Yesterday Frank Ocean announced his first solo tour dates. He’s already hit some pretty big stages, but it’s been in the company of Odd Future, and they aren’t an easy bunch to compete with when it comes to shining on stage. Their live show is just as much about the high energy and wild antics as it is about the music, and Frank Ocean is, by all accounts, a pretty calm dude. He describes his live shows as “thought-provoking” and “emotionally stirring.” It’s going to be interesting to see him have the stage to himself. According to his Tumblr, the dates are as follows:

11/05 – New Orleans @ House of Blues
11/06 – New York @ Bowery Ballroom
11/08 – Bittersweet @ Amsterdam
11/09 – Paris @ Social Club
11/11 – London @ XOYO
11/15 – Los Angeles @ El Rey Theater

If his appearance on Watch The Throne was his first step outside the world of Odd Future, these solo dates will be the confident but still wary second step, and a much more important one. It’s a little harder to impress the masses when you’re not in the company of Jay-Z and Kanye West, right? Right. But Ocean has been steadily coming into his own as not just another OF character, but an artist with a unique style of his own. Last month, when Constant Gardner was writing about the “Thinking About You” video, he said:

“We can all see that Frank Ocean is a little bit different to the rest of [Odd Future], obviously he is a singer as opposed to a rapper, but where the rest of the gang love a good dose of shock-value, his is a more subtle kind of Oddness. Tyler probably would have had the horse mutate into a rabid bear, and the bed-ridden child get egged by bikini clad prostitutes (maybe I’ll make an unofficial video), but instead we’ve got this well-shot and moving clip.”

He was right. Frank Ocean is a different kind of weird. Back before the soon-to-be-25-year-old had made a name for himself (a name besides Lonny Breaux), word was spreading about Frank Ocean’s Nostalgia, Ultra mixtape. Like a lot of casual Odd Future fans, I was in no rush to dive into this. For me, and for a lot of people, Odd Future could be summed up by three words: Tyler, The, Creator. Yes, you can put a little asterisk after “Creator” and add in a footnote about Earl Sweatshirt, but let’s not complicate things. This is sure to piss off a lot of Golf Wang fanatics, but let’s face it–Odd Future is Tyler, The Creator and a bunch of people whose names we know only because of their affiliation with Tyler, The Creator. Some of them happen to be very talented, but without the charismatic leadership of their attention-demanding leader, none of them are obvious standouts–well, until Frank Ocean stepped up.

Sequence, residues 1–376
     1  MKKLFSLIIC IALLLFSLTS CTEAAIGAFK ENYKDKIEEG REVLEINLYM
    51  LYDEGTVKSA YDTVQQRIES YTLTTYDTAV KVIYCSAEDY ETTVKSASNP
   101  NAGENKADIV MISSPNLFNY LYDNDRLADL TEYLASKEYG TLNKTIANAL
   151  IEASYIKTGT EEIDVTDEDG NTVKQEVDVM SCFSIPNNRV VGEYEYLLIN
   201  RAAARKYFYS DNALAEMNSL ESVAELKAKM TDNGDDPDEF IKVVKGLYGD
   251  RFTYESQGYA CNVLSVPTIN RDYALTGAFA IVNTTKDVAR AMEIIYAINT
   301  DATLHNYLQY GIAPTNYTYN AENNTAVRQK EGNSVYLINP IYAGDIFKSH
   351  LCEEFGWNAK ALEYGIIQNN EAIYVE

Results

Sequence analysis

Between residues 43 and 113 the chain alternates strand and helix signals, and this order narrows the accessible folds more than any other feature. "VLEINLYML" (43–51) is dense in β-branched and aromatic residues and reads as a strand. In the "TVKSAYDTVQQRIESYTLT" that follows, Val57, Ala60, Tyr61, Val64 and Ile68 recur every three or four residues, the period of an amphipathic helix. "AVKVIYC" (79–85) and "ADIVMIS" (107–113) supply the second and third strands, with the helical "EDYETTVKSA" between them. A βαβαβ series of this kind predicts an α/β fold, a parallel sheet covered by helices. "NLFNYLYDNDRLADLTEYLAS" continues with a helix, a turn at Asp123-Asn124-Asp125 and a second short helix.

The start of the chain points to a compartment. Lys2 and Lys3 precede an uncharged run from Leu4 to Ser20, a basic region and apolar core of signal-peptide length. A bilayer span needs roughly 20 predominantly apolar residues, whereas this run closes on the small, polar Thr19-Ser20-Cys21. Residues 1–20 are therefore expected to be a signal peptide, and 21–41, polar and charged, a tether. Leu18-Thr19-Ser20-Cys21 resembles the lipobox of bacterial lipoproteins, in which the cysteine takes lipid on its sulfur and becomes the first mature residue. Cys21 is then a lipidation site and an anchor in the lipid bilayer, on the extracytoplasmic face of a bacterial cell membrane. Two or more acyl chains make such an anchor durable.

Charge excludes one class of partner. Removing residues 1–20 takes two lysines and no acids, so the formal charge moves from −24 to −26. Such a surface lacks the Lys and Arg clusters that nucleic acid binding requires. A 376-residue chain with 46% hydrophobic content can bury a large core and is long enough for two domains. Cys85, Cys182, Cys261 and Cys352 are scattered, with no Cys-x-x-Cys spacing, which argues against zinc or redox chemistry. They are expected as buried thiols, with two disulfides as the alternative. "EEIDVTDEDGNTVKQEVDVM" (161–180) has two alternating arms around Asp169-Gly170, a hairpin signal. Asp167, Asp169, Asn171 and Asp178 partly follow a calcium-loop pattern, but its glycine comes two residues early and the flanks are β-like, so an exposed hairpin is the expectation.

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When I first pressed play on Nostalgia, Ultra, I braced myself. I was ready for rape and murder, or at the very least, drugs and slander. The first song to kick in is “Strawberry Swing,” a cover of one of the sweetest songs off Coldplays Viva La Vida. Despite the pleasant beginning, I was sure this was going to be some kind of joke, like at some point, the tape was going to cut  to the sound of a girl screaming and a deep voice screaming, “Shut the fuck up!” while a bass-heavy, off-pitch beat kicked in. That never happened. Frank Ocean’s cover of “Strawberry Swing” is so beautiful it’s almost gut-wrenching. Its so perfectly captures the spirit of nostalgia that it’s hard to listen to it and not think about your first love or some careless moment that you never caught on film, so you try to keep it in your memory as clear as you can–one of those moments that every now and then, when things get really quiet, you revisit. If that memory had a soundtrack, it might be Frank Ocean’s cover of “Strawberry Swing.”